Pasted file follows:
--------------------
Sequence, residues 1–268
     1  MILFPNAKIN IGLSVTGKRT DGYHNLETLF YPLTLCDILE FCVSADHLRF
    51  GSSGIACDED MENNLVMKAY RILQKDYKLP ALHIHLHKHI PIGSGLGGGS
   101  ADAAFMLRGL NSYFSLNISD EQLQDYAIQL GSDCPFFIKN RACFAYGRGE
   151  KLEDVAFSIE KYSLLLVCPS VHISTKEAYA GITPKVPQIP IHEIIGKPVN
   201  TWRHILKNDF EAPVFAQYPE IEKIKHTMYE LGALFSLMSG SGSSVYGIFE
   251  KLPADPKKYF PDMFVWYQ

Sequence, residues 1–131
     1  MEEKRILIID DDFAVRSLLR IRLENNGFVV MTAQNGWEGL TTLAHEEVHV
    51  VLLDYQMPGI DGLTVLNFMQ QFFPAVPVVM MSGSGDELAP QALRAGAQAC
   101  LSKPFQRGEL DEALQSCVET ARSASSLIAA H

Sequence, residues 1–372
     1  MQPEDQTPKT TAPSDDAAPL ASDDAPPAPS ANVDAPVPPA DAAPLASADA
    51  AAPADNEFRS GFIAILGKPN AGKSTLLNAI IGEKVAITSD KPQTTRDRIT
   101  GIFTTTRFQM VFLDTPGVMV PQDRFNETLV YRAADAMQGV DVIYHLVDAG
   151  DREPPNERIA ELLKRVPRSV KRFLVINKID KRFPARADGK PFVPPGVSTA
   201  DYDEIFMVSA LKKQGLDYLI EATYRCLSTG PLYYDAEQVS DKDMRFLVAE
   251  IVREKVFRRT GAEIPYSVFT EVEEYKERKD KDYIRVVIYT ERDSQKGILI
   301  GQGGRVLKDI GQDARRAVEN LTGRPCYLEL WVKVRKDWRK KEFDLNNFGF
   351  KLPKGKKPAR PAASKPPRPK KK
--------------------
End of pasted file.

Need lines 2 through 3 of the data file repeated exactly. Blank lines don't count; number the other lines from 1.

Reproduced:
     1  MILFPNAKIN IGLSVTGKRT DGYHNLETLF YPLTLCDILE FCVSADHLRF
    51  GSSGIACDED MENNLVMKAY RILQKDYKLP ALHIHLHKHI PIGSGLGGGS